Josh Anderson: He says that he’s healthy. He needs to prove the few naysayers wrong by being the player that he was two years ago. He did play injured and eventually was shut down due to his shoulder last year. That’s why he only managed one goal. That type of surgery is usually very successful, as the player’s shoulder is often stronger than it was pre-injury. If he focusses on playing his style, his game, he will be a fan favourite in Montreal, making people forget Max Domi rather quickly.
Tyler Toffoli: He knows that he’s likely behind Anderson and Gallagher in the team’s depth chart. His resolution is to be the Toffoli from Vancouver, which will earn even more ice time. He will provide good secondary scoring and provide the team an option to move up the lineup when need be. He will likely be a shooting option on the left side for the powerplay, and should help improve that aspect of the Habs’ game. A stronger powerplay will result in more team wins.
Joel Armia: If one guy wasn’t thrilled about the Anderson and Toffoli acquisitions, it had to be Armia. He has just slid down to fourth line right-winger on the team. Armia needs to take the next step in his game offensively. He’s the best forward on the team at anticipating play, winning puck battles and one of the team’s best defensive forwards. His puck pursue and puck retrieval are his strengths so he must capitalize on his scoring chances. He too is working for a contract next season.
Michael Frolik: He could be on the Taxi Squad, although with a one-year, $750,000 contract, there’s no guarantee that he would clear wavers. For that reason, I think he will be the team’s 13th forward. He will be battling with Lehkonen and Byron for a spot in the line-up, and likely with Poehling for a spot on the team. His resolution will be to continue to be himself: a hard working, defensively responsible player with a never quit attitude. If he takes advantage of his chances while in the line-up, he could surprise many.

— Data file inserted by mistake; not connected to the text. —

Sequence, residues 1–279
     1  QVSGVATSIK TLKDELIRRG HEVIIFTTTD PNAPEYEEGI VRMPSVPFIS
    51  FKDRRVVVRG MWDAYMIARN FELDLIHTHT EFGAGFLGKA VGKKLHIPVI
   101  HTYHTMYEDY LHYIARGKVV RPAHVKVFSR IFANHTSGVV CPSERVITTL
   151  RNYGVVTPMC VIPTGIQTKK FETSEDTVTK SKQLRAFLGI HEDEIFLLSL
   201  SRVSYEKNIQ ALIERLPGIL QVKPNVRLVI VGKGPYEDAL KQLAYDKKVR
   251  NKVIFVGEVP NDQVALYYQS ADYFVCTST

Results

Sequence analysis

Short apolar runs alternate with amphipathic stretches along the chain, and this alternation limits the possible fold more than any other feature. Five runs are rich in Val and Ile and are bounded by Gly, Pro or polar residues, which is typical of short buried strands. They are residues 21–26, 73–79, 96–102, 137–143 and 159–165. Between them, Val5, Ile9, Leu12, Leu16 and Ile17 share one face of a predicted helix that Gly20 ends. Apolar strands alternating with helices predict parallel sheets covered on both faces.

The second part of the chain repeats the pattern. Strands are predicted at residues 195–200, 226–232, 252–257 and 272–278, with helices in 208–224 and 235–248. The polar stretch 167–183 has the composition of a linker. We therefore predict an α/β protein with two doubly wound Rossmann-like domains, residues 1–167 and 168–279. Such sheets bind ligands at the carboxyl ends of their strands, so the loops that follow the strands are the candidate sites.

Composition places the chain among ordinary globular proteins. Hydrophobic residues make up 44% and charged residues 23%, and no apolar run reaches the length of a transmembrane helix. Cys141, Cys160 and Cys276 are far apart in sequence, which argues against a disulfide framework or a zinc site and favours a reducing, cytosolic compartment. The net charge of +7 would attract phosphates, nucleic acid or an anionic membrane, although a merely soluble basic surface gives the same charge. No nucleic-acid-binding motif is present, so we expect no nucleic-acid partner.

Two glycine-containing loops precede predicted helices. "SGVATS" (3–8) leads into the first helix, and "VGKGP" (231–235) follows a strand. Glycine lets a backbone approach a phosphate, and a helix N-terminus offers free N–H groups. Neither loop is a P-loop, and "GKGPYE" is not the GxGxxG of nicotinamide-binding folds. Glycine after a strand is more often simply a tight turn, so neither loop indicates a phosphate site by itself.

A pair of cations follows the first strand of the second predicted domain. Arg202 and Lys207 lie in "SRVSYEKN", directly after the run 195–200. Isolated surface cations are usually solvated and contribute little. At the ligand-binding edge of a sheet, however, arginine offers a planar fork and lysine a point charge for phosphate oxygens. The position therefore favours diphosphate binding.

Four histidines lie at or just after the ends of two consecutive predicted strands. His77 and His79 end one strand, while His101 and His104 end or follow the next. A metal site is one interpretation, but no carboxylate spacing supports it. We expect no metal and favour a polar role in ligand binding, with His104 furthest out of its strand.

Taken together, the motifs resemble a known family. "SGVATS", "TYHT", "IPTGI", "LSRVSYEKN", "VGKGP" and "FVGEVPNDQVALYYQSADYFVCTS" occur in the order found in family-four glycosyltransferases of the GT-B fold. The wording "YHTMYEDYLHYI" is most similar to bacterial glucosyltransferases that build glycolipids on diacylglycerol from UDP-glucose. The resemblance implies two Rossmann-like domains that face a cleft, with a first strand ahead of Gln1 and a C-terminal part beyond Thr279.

Corey Perry: Are are those old legs? His goal will be to try keeping up to the Canadiens’ speed. He’s the 5th right winger on the team’s depth chart so his resolution should be to get some jets for his skates. Experience, depth but likely for the Taxi Squad. Team friendly contract however.
Marc Bergevin: There is no doubt that he has done an amazing job during this off-season. His team is arguably the most improved team in the entire NHL. He has transferred the pressure of winning now onto his coach’s shoulders with the additions that he’s made. As in-seasons trades are almost impossible to do, he is said not to be done his shopping so keep a close eye on him.
Claude Julien: Claude’s resolution will be to balance his lifestyle, the pressure of winning games and the effect on his heart. With the episode he’s been through during the COVID-Cup playoffs, it should serve as a warning to find ways to take it easy while performing a job that’s very demanding. And while Bergevin has provided him with more quality depth, it comes with more pressure to win. His could be the first head rolling if the team doesn’t come out of the gates flying.
Kirk Muller and Dominique Ducharme: The powerplay and the penalty kill have been the team’s Achilles the past couple of seasons. It cost the team some games and therefore, some key points, contributing to the lack of success. They have more tools to play with now so the x’s and o’s must be in place, as putting the right players in places to succeed should be too. Hockey is a results-driven business and now is their time to show what they can do with the special teams.
If half of those people achieve their New Year’s resolution goals, the Canadiens will have a very successful season in this all-Canadian division and beyond. I personally believe that they will, as I have them surpassing the Toronto Maple Leafs, but right behind the Calgary Flames for top spot in the Canadian division. For the record, here are my standings predictions:
- Calgary Flames
- Montreal Canadiens
- Toronto Maple Leafs
- Winnipeg Jets
- Edmonton Oilers
- Vancouver Canucks
- Ottawa Senators
What are yours?
Go Habs Go!